and here is a plot of F3+ tornadoes over the same period which shows strong tornadoes are decreasing in occurrence

Image

and a plot of normalized tornado damage from Simmons et al, 2013

Simmons, K.M., et al, 2013. Normalized tornado damage in the United States, 1950-2011. Environmental Hazards, V 12, issue 2, 2013

In 2011, thunderstorms in the United States resulted in 550 deaths from tornadoes and more than $28 billion in property damage, according to data from the US National Oceanic and Atmospheric Administration, with the vast majority of economic losses resulting from tornadoes. This article normalizes U.S. tornado damage from 1950 to 2011, using several methods. A normalization provides an estimate of the damage that would occur if past events occurred under a common base year's societal conditions. We normalize for changes in inflation and wealth at the national level and changes in population, income and housing units at the county level. Under several methods, there has been a sharp decline in tornado damage. This decline corresponds with a decline in the reported frequency of the most intense (and thus most damaging) tornadoes since 1950. However, quantification of trends in tornado incidence is made difficult due to discontinuities in the reporting of events over time. The normalized damage results are suggestive that some part of this decline may reflect actual changes in tornado incidence, beyond changes in reporting practices. In historical context, 2011 stands out as one of the most damaging years of the past 61 years and provides an indication that maximum damage levels have the potential to increase should societal change lead to increasing exposure of wealth and property.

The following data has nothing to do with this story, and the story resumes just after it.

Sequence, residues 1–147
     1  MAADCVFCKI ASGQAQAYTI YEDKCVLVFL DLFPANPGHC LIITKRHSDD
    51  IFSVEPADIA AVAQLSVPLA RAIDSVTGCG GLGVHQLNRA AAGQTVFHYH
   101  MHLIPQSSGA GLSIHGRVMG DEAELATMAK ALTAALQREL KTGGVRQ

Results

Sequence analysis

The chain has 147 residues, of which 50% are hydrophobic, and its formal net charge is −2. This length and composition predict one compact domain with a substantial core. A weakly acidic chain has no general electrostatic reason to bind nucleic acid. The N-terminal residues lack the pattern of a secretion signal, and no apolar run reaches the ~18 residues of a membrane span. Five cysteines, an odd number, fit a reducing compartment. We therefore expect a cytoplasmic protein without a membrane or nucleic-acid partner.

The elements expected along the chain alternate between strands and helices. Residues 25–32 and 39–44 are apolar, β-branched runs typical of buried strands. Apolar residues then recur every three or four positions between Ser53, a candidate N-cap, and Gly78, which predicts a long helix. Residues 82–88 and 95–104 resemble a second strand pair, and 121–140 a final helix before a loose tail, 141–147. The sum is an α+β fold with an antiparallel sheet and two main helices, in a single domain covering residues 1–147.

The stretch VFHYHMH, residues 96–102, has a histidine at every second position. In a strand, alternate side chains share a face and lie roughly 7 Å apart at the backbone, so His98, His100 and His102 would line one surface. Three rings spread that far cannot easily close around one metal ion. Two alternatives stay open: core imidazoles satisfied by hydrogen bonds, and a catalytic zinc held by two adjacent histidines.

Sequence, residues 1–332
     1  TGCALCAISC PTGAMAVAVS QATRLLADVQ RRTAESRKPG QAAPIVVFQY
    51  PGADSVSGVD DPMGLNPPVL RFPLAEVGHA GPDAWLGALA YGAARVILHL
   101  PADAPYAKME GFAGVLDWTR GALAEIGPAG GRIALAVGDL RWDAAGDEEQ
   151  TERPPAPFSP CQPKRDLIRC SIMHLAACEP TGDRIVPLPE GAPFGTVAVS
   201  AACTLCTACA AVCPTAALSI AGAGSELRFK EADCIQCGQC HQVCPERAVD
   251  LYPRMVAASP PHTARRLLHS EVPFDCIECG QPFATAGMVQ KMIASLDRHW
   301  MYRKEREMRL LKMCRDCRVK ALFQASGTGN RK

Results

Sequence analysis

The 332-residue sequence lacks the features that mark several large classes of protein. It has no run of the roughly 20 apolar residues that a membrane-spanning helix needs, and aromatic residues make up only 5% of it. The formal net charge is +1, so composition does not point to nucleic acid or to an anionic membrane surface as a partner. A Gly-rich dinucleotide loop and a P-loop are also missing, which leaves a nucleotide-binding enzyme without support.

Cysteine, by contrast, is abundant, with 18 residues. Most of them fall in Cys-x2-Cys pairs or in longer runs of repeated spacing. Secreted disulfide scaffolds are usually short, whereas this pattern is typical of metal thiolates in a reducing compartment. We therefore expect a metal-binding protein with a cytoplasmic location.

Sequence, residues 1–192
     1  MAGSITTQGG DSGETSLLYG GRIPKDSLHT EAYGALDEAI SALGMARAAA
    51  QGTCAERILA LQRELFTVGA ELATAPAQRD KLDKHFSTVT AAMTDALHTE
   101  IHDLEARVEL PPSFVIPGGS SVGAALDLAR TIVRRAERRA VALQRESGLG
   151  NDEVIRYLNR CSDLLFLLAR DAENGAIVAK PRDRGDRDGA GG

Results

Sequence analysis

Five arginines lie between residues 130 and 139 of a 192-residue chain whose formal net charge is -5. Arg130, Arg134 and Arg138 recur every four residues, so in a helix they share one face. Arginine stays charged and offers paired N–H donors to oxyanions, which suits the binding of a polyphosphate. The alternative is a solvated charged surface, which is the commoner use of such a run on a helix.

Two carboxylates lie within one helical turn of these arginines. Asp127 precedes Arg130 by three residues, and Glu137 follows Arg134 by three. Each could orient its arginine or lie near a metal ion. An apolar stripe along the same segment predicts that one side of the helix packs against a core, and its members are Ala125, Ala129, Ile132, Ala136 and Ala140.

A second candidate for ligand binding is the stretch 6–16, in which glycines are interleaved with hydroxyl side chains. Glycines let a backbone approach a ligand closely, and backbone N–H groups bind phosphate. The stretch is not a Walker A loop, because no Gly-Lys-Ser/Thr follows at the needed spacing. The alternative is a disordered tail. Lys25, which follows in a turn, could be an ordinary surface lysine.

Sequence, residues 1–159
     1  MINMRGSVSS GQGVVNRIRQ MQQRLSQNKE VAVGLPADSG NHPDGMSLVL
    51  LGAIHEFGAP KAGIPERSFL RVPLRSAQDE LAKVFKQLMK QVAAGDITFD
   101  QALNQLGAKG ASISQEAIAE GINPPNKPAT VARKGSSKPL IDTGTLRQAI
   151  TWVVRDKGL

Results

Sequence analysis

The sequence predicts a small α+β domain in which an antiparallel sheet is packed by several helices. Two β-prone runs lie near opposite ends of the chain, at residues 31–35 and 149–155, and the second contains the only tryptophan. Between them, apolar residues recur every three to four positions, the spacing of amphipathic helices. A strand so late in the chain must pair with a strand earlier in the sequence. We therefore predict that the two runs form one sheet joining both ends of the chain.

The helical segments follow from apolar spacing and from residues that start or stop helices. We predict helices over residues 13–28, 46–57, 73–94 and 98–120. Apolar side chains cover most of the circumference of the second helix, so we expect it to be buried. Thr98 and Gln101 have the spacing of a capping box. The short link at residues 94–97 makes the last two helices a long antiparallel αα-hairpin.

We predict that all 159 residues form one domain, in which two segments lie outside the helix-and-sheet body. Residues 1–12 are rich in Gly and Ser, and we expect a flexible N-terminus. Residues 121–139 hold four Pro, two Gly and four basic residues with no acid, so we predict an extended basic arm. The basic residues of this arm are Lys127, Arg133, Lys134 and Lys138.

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Re: Strange Weather Pt. 4 (merged)

Unread postby dohboi » Mon 28 Apr 2014, 21:19:59

"Normalized" :lol: :lol: :lol:

Translation: manipulated to give the desired result.

Observe carefully the last five years in the first of the bar graphs I displayed above. Ill provide it again in case you have trouble finding it:

Image
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Re: Strange Weather Pt. 4 (merged)

Unread postby rockdoc123 » Mon 28 Apr 2014, 21:56:51

Translation: manipulated to give the desired result.